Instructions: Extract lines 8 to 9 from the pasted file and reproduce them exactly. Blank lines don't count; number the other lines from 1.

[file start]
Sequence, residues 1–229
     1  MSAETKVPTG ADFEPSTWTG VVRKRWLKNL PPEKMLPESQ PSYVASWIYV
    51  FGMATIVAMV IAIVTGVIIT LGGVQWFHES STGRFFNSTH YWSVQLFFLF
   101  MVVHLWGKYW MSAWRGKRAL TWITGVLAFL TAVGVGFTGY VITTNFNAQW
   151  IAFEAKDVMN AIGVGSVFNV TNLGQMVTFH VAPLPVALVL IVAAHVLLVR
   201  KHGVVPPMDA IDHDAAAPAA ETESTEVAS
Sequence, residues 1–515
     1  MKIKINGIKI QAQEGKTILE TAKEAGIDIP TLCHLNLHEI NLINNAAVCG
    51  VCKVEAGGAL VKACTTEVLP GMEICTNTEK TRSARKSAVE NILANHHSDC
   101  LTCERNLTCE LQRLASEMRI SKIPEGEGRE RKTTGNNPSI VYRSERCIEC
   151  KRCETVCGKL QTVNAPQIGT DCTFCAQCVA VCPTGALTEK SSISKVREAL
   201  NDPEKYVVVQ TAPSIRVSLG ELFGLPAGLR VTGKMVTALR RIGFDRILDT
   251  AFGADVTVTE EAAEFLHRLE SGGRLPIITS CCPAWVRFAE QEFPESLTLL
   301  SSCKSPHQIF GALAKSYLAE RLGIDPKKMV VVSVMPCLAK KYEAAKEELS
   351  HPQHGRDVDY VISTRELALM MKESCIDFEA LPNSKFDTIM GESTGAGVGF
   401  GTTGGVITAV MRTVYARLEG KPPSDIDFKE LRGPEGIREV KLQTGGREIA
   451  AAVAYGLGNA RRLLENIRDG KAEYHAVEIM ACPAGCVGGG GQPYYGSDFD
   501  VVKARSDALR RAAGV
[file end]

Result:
     1  MKIKINGIKI QAQEGKTILE TAKEAGIDIP TLCHLNLHEI NLINNAAVCG
    51  VCKVEAGGAL VKACTTEVLP GMEICTNTEK TRSARKSAVE NILANHHSDC